Soundwriting & Research Methods
EN 201, Fall 2016 – Spring 2017
“Research and Listening: Toward a Feminist Sonic Pedagogy,” co-authored with Meg M. Marquardt and based on this course, has been accepted for inclusion in Amplifying Soundwriting. Eds. Kyle D. Stedman, Courtney S. Danforth, and Michael J. Farris.
Using Sarah Koenig’s Serial — a real life investigation into an unsolved crime — this course will think about what strategies are available for finding and evaluating knowledge and how in the University, our careers, and our lives we can approach them. Major writing assignments will ask you to test out research methods in pursuit of a mystery. We will work on engaging a public audience by telling the stories of our explorations through collaborative podcasts.
English 201 is a 3-credit, intermediate-level writing course that satisfies the university Communications B requirement for enhancing literacy skills, with a particular emphasis on writing. This course aims to help you develop:
- critical thinking, careful reading, and effective communication skills
- an increased awareness of your writing ability, process, style, and strengths
- an understanding of how writing and speaking vary according to contextual factors such as situation, audience, a speaker or writer’s purpose, and genre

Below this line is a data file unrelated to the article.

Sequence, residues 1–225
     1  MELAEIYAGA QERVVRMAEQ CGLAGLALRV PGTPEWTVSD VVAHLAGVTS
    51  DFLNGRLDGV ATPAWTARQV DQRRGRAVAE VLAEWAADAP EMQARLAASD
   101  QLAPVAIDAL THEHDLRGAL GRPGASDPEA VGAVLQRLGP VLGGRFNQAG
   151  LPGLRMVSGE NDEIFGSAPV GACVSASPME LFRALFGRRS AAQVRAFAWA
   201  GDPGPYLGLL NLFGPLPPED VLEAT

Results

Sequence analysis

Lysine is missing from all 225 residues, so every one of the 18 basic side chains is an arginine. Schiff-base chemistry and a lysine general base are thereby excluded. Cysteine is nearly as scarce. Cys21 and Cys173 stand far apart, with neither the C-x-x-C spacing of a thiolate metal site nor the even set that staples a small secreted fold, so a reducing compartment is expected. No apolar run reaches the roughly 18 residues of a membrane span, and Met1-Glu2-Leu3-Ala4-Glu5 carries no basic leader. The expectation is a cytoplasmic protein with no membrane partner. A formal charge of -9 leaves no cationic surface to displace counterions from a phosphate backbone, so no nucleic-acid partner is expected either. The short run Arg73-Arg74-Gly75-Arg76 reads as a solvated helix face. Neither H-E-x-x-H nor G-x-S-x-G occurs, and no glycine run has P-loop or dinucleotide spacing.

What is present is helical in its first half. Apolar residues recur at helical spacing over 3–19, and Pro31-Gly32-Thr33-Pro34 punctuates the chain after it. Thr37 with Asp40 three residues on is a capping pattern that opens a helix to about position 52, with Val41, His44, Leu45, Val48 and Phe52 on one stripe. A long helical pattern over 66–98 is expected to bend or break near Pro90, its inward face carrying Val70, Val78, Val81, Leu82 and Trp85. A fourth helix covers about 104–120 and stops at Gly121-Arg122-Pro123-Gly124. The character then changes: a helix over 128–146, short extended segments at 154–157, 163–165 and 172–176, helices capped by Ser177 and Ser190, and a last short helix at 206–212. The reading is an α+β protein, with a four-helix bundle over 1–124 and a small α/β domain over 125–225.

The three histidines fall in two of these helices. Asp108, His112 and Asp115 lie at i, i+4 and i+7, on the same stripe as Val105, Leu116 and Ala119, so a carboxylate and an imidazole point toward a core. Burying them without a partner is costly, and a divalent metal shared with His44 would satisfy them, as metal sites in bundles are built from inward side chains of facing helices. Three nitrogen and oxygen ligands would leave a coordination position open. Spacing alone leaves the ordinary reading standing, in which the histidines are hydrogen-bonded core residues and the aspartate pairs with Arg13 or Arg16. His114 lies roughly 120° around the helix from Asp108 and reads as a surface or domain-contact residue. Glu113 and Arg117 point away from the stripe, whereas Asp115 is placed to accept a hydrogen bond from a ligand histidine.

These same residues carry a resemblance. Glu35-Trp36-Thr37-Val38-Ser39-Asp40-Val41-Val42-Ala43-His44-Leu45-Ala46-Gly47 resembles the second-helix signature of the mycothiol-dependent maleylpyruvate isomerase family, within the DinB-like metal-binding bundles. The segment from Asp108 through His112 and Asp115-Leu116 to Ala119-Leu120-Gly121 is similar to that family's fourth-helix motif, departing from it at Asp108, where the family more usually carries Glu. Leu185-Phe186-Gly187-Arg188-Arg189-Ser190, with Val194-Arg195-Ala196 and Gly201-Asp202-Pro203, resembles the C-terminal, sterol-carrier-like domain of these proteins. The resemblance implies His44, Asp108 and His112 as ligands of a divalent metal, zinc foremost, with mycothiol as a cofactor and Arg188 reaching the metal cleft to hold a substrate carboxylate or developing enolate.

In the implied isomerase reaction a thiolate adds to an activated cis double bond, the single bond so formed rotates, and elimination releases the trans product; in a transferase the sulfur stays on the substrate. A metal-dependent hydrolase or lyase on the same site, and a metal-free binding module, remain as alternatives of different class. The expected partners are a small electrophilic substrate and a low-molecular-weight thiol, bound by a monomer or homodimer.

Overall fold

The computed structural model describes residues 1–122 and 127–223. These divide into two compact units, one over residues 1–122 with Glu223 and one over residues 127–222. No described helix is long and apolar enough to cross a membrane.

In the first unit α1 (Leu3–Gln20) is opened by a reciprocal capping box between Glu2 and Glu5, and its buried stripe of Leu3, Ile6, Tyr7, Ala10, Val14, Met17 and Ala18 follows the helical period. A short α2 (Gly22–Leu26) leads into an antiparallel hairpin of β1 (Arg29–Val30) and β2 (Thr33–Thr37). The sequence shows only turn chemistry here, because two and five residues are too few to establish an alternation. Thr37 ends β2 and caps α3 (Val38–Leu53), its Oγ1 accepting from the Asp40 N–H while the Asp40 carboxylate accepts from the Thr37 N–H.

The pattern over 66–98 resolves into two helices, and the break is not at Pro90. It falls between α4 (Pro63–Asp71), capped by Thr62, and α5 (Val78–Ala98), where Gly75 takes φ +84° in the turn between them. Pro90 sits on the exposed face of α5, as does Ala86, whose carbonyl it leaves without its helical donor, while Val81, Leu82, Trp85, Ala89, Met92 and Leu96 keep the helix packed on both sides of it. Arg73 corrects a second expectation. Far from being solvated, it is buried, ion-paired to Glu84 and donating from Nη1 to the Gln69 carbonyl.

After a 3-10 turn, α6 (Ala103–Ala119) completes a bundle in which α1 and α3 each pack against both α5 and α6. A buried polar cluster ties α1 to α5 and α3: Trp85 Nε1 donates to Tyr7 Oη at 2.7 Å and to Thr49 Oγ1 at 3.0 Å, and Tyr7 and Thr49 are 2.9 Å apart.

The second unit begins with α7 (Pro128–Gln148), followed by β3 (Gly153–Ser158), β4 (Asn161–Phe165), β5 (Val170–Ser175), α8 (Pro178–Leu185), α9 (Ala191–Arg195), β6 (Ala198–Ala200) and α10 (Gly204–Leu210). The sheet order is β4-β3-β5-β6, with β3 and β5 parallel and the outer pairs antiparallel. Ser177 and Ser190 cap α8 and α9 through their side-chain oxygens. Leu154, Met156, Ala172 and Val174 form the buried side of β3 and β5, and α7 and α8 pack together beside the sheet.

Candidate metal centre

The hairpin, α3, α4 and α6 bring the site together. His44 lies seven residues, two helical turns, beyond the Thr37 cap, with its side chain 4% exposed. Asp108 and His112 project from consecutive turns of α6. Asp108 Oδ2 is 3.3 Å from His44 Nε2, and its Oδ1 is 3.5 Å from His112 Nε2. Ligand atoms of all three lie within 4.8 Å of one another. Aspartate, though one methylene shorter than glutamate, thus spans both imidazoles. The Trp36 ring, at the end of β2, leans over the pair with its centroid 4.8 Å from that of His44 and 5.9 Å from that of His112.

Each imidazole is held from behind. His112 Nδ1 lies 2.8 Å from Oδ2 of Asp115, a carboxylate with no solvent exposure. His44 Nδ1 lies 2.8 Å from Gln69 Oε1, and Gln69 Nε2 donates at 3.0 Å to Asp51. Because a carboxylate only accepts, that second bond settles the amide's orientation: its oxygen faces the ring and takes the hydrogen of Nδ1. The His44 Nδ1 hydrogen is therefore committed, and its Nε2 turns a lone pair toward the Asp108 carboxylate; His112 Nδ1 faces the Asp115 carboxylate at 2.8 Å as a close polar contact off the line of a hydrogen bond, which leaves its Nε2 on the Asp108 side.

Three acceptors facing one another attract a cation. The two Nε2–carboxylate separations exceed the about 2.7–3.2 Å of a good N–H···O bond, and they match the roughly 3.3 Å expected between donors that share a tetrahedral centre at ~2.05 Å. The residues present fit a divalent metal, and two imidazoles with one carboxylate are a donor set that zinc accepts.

- strategies for adapting your communication skills in response to such contextual factors
- effective and appropriate use of evidence and research in relation to an issue
Sequences and Assignments
Sequence 1 Projects: Podcast pitch & narrative episode (10%)
Inspired by Serial, Mystery Show, and RadioLab, compose a pitch for a podcast serially investigating a mystery — anything you want to know but can’t figure out from a simple Google search or asking an expert. The audience for this pitch will be a board of producers at WSUM, making your audience the UW community, especially students.
Sequence 2 Projects: Podcast Episodes (30% – 6 x 5% each)
In groups of 2-3, you will work this semester to produce the selected podcast pitches. Each episode will ask you to not only continue digging into your question, but to try out different research methods to do so.
- Episode 1: Narrative introduction
- Episode 2: Secondary Research
- Episode 3: Interview
- Episode 4: Observation and Testing
- Episode 5: Archival Research
- Episode 6: Deduction and Hypothesizing
Sequence 3 Projects: Final episode (15%)
Using all of the methods and skills you’ve acquired, revise your work into one narrative of your exploration. This final podcast episode will be full length (about 30-40 minutes).
Sequence 4 Projects: Connections (15%)
We will end our semester by bridging connections between the work we’ve done this semester and your own disciplines. Final projects will include a resume and cover letter.
Workshops and Revisions (10%)
Twice this semester, you will submit a piece of writing to the group for workshop. This can be any writing that you are currently working on, personal or professional, but should be no more than about 1000 words. You may submit assignments for this class, other classes, for your work, an application, creative writing, a difficult email, etc. After receiving feedback, you will revise this piece, and submit a reflection along with the revision.